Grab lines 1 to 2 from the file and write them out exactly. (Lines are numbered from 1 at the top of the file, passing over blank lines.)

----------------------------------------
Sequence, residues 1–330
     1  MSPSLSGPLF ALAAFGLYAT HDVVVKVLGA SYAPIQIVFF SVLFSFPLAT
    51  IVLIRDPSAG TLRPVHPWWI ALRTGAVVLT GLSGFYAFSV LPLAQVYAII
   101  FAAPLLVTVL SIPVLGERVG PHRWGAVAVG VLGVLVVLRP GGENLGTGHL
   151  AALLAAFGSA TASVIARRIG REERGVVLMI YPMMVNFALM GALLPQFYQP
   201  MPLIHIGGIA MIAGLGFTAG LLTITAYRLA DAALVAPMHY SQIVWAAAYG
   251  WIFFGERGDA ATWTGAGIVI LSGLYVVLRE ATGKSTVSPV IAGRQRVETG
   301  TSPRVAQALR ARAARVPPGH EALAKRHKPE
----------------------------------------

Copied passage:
Sequence, residues 1–330
     1  MSPSLSGPLF ALAAFGLYAT HDVVVKVLGA SYAPIQIVFF SVLFSFPLAT